Press Release

Microorganisms Grow at Low Pressures, Implying Possible Life on Mars

By SpaceRef Editor
August 19, 2002
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FAYETTEVILLE, Ark. – Using a unique device known as the Andromeda
Chamber to simulate conditions found on Mars, University of Arkansas researchers
discovered that certain microorganisms called methanogens could grow at low
pressures. Their findings imply that life could have existed on the Red Planet
in the
past, present, or that it could do so at some point in the future. Associate
of biological sciences Tim Kral presented the preliminary results at a
conference in Australia in July.

“Our goal is first to get the organisms to grow well, then systematically
with conditions found on Mars,” said Kral. He and his team first grew test tube
cultures of various methanogens in a Mars soil simulant called JSC Mars-1.
Derived from altered volcanic ash, it approximates the composition, grain size,
density, and magnetic properties of Martian soil.

The researchers exposed the cultures to an atmosphere that consisted only of
hydrogen and carbon dioxide, the raw materials methanogens need to produce
energy. They incubated the cultures at each methanogen’s optimal growth
temperature. Methanogens release methane as a waste product, so the researchers
were able to measure their growth by analyzing the amount of methane produced.

After successfully growing three different methanogens on Mars soil simulant,
moved on to the next step — simulating various Martian conditions in the
Andromeda Chamber, a large stainless steel vacuum container donated to the
University of Arkansas by the Jet Propulsion Laboratory in Pasadena,

The chamber, which was originally constructed for comet simulations, consists
of an
insulated compartment with heating and cooling elements. A sample container,
approximately one meter on each side, can be lowered into the chamber, which
contains various detection and monitoring instruments. The device is believed
to be
the largest such instrument dedicated to space simulation research on a North
American university campus.

The researchers grew methanogenic cultures in bottles and froze them. They
inverted the frozen cultures and placed them below the surface of the soil
simulant in
the sample container, lowering it into the chamber. After sealing and
evacuating the
chamber, they replaced the atmosphere inside with an equal mixture of hydrogen
carbon dioxide at 500 millibars (about half the Earth’s atmospheric pressure).
Finally, they raised the temperature of the chamber to 35 degrees Celsius to
that the cultures melted into the soil simulant. A gas chromatograph was used to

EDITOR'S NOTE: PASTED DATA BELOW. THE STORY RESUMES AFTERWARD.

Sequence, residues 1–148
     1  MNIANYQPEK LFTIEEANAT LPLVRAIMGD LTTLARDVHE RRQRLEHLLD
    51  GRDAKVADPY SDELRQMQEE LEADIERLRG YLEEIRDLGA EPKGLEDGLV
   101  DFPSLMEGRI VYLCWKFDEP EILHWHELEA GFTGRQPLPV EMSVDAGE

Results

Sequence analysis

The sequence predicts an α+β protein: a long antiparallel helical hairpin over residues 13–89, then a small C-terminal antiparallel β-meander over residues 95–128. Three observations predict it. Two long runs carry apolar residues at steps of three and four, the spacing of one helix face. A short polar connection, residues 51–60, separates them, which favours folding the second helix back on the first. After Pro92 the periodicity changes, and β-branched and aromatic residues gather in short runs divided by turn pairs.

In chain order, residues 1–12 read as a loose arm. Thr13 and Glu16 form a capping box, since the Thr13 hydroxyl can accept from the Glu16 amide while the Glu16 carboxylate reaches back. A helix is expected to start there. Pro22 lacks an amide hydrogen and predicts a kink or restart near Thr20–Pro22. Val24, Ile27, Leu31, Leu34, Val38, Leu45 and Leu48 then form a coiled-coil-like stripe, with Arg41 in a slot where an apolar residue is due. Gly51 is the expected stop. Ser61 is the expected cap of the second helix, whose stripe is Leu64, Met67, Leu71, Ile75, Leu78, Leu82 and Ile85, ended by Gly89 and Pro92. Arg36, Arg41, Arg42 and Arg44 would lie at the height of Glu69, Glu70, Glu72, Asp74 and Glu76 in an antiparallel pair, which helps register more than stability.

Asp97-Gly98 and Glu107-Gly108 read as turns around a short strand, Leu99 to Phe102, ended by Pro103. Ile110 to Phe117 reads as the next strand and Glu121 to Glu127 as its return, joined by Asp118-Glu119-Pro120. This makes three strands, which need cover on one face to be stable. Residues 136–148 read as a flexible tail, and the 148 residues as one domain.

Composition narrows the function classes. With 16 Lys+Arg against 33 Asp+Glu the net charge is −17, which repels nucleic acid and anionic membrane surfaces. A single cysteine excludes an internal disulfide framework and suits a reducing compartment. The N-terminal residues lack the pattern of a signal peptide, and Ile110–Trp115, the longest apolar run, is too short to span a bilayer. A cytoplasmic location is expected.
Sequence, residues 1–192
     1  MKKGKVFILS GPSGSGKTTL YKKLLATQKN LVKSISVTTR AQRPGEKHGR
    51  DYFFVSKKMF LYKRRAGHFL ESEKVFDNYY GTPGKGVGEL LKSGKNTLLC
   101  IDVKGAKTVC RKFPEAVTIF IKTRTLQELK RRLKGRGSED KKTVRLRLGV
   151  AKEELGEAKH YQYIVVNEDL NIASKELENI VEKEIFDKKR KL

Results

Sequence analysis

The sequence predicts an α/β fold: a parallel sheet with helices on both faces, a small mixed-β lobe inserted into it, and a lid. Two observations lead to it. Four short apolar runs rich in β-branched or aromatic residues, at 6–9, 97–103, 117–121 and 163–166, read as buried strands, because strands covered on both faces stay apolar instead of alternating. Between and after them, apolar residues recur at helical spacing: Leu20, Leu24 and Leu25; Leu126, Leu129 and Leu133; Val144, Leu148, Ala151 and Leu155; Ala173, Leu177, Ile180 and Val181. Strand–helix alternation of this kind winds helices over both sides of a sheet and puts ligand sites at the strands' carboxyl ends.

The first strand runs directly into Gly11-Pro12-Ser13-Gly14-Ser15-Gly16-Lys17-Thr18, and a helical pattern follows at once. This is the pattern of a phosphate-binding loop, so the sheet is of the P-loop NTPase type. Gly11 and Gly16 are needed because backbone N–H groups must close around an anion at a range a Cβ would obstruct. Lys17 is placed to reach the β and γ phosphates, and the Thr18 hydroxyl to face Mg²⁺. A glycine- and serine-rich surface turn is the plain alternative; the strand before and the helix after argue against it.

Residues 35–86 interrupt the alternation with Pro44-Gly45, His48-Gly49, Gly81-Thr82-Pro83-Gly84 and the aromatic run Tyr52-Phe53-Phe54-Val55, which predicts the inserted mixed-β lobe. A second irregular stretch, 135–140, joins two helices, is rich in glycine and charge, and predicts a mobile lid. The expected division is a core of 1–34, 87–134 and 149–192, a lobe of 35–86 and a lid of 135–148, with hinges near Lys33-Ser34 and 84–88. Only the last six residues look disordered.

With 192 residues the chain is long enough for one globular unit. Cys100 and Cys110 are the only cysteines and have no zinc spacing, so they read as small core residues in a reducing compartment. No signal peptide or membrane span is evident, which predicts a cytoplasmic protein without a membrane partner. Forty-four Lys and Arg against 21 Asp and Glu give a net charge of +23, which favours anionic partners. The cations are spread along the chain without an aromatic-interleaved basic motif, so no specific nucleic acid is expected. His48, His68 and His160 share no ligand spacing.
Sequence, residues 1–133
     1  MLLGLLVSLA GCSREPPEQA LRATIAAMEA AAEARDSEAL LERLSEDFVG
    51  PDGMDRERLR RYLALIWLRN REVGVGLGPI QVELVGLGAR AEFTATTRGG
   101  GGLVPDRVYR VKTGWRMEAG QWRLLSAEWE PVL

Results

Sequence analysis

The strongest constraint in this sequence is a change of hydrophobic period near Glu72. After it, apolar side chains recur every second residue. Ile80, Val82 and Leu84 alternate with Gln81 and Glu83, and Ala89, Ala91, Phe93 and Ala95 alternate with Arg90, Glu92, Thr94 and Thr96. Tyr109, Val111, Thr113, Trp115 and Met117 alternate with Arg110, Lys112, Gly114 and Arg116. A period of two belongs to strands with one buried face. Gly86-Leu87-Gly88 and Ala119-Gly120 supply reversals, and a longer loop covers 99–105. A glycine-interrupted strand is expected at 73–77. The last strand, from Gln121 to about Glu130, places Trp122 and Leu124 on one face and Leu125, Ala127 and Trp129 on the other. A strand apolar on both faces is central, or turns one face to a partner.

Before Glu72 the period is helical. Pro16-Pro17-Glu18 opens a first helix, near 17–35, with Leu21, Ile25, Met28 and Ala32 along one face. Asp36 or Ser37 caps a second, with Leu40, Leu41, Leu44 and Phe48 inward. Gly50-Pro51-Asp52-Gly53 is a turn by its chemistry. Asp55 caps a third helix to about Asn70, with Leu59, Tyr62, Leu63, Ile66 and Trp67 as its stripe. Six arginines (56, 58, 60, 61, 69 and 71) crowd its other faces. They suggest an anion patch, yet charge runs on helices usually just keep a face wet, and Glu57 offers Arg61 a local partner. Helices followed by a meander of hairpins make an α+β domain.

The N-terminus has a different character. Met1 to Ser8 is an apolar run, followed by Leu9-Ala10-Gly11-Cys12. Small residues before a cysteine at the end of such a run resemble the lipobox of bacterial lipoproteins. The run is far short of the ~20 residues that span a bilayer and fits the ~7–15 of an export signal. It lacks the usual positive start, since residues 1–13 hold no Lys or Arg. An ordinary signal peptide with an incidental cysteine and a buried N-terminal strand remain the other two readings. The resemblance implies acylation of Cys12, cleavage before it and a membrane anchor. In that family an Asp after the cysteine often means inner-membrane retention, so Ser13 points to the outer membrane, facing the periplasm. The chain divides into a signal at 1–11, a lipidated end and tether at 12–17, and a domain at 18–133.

analyze samples daily.

So far, the Andromeda Chamber studies indicate low levels of methane production.
This means that the organisms are metabolizing under low pressures, a
finding. Martian life would have to be able to survive at such pressures, since
atmosphere is much less dense than Earth’s.

“The Viking Missions that landed on Mars in 1976 gave no substantial evidence
life on the surface today,” Kral says. “There were also no measurable organic
compounds detected. This led most researchers to believe that if life existed
there, it
was a long time ago, and is extinct today.”

But Kral’s work with methanogens got a significant boost from the discovery
this year of large quantities of frozen water below the surface of Mars. “With
recent successful missions to Mars (Pathfinder, Global Surveyor, Odyssey), and
especially the discovery that there is probably a vast ocean of frozen water
the surface, there is a greater possibility that life may exist below the

Kral doesn’t want to rush to categorical conclusions about the implications of
research, but if methanogens can grow well under simulated Martian conditions,
might be possible to take the organisms to Mars if humans ever colonize the

“Of course, there are many potential ethical and environmental problems with
Kral points out. Since methane is a “greenhouse gas,” one that traps heat near a
planet’s surface, methanogens could theoretically be used to raise Mars’ surface
temperature, eventually “terraforming” the planet so that it could support life.
However, Kral thinks this might take too long to be effective-perhaps hundreds
thousands of years.

Martian surface conditions include low pressure, low temperature, very little
and an atmosphere that contains large amounts of carbon dioxide with almost no
oxygen. Assuming that hydrogen and some water are present under the surface, the
basic requirements for methanogen growth are met on Mars. And even if hydrogen
is not present, carbon monoxide is, and some methanogens can use this instead of

Subsurface life on Mars would not be able to produce energy through
photosynthesis, but would need to use chemical energy through the oxidation of
inorganic matter. Such organisms are called chemoautotrophs.

Methanogens are chemoautotrophs that consume hydrogen and carbon dioxide,
producing methane as waste. Few terrestrial organisms could survive anything
approaching harsh Martian conditions, but methanogens can flourish in some of
Earth’s most inhospitable environments, such as ocean floor vents and peat

Kral wants to continue his research by experimenting with a range of Mars-like
conditions, thoroughly analyzing the effects of lower pressures and
temperatures on
methanogenic growth, and ultimately ascertaining the effects of radiation,
which is
much higher on Mars because of its thin atmosphere.

What is the probability of extraterrestrial life? In all likelihood, it’s quite
high. But
whether or not life actually exists on Mars — or did exist sometime in the
past —
is a question that terrestrial research can answer only partially. Kral’s work
the way for future experiments with Mars-like conditions and may one day provide
a basis for studying biology in a real-life Martian laboratory.

SpaceRef staff editor.